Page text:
Friday, April 30, 2010

Jade: Bitemyrojak

I remember the haze and coxsackie outbreak out '97. My sister and I weren't allowed out of the house for nearly 2 months. While I was perfectly happy not going to school for 6 weeks, the thought of all the street food I was missing out on was pretty damn near unbearable. I would lie in bed at night imagining the smell and taste of my favourite noodles, unable to sleep. Having said that, I think a lot of the food we miss when we're away from home is associated with treasured memories and a sense of longing for days gone by rather than a sole appreciation of the actual flavours involved. For me, teh tarik is less about the sweet tea and more about nights out with boarding school mates at mamak stalls; kampua mee never fails to bring back that buzz of excitement I used to feel when we would load up the car for our yearly trips back to our hometown. So when my pregnant friend's husband brought her jars of rojak sauce from home, I found myself craving for exactly that. Not so much the husband bit, but the pungent, briny smell of prawn paste...takes me right back to when I was 12, waiting for my dad to pick me up from tuition, knowing he's late because he's stopped to get a packet of rojak and ang dao beng for tea :)

Rojak for two

Half a cucumber, pared into chunks
Half a pineapple, cut into chunks [ I got mine ready peeled and cored from Asda]
Half an apple, cored and cut into chunks
Half a block of firm white tofu, cubed and panfried till brown and crisp on the outside

2 big tbsp prawn paste
1 tbsp honey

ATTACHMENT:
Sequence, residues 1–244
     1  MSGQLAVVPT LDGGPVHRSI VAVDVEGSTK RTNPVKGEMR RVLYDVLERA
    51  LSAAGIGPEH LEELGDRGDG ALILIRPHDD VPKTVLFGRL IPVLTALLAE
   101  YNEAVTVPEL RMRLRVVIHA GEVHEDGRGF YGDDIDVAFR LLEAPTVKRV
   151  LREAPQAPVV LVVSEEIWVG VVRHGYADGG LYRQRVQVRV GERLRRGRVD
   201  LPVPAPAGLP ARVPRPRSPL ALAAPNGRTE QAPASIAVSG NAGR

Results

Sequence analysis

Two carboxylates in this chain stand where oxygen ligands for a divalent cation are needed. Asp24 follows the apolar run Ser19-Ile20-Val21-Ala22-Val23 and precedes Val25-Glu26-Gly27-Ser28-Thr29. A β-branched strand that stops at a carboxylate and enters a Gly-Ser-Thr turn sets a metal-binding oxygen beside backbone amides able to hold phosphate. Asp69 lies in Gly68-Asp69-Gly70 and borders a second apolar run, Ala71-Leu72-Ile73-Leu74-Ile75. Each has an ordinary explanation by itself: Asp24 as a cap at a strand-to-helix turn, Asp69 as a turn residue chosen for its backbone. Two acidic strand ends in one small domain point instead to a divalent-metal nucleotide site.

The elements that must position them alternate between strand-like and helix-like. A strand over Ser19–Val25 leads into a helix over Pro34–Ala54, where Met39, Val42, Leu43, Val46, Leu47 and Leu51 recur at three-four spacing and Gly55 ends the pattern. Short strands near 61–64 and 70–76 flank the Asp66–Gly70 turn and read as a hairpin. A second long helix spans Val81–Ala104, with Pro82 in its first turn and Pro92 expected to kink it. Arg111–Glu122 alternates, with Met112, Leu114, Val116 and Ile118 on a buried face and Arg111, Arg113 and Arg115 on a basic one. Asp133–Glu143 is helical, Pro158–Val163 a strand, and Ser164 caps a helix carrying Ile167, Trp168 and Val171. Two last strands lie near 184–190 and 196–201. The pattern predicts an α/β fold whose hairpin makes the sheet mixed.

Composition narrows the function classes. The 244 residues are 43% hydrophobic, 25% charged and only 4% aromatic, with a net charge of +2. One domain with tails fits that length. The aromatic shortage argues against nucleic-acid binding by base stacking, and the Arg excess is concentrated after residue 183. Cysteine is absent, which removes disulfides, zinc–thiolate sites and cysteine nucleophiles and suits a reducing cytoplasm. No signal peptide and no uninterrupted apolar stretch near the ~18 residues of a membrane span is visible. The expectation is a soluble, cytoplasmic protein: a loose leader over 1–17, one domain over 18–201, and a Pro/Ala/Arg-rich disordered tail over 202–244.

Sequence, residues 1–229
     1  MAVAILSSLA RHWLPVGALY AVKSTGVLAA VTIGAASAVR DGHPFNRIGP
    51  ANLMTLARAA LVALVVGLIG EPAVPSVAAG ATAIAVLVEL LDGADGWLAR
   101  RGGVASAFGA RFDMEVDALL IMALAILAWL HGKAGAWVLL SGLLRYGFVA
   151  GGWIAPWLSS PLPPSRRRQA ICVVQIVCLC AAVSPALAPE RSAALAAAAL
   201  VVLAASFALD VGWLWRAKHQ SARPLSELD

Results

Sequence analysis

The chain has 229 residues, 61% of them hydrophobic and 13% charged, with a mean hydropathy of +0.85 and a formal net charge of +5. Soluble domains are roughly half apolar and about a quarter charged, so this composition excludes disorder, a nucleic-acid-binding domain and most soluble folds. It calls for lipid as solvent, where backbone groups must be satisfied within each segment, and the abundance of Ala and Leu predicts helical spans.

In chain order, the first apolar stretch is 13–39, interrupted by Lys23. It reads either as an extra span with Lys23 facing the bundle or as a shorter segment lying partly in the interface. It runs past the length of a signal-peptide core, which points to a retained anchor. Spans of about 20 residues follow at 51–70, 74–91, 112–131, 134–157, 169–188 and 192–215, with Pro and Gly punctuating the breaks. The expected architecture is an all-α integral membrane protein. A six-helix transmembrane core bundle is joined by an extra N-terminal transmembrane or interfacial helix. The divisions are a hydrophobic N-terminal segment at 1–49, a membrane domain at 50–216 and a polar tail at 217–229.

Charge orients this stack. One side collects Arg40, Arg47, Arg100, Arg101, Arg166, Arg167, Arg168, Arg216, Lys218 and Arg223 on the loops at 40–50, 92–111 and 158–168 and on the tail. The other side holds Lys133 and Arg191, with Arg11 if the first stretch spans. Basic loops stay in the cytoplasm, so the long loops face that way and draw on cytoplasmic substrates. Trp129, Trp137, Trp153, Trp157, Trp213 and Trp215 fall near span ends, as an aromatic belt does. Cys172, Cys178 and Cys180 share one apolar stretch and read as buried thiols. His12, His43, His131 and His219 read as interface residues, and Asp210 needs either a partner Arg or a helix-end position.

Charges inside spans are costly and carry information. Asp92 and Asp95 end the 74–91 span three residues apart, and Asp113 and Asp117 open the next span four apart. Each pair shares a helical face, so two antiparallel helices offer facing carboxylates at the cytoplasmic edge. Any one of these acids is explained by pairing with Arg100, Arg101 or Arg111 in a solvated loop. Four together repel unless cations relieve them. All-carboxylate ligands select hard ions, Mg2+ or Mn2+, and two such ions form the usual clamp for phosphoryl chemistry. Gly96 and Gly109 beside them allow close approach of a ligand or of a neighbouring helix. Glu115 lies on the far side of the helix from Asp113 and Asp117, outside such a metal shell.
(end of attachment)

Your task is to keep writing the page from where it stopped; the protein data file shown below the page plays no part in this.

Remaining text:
1 tbsp sambal olek
1tsp roasted chilli paste [potent stuff, adjust accordingly]
Juice of half a lime
As much crushed peanuts as you like, reserving a bit to sprinkle on top. I'm very generous with the nuts
* In an ideal world, I'd have ginger flower..but let's be realistic..this is England..

1. While the tofu is frying, whisk together the ingredients for the rojak sauce, tasting and
adjusting as you go along. Helps to add a tiny bit of hot water to break things up a little.
2. Cut up the fruit and veg
3. Spoon over the delicious rojak sauce, sprinkle some crushed peanuts over it, toss to coat and top with even more peanuts..and what you should end up with are juicy, crunchy chunks of fresh fruit cloaked in spicy, salty dressing

*I rather think eating it is an art on its own..I start by eating all the cucumbers because I don't like them..then I start on the apples..then the sweet, sweet pineapples..and finally, I mop up what's left of the rich sauce with soft bits of tofu...sheer rapture :)


  1. this timely surprise really made my day with its spicy kick;)will vouch for the delicious homeliness of this rojak which reminded me of dinners at a particular coffee shop back home where the family would pig out on ban mian/ chicken rice before ending off with a shared rojak and peanut/ dou sa pancakes. THANKS jade:D

  2. Ah! Something from home! Not a fan of this Penang fruit rojak. Would rather have what we call Indian rojak...or something like their pasembur over the other side.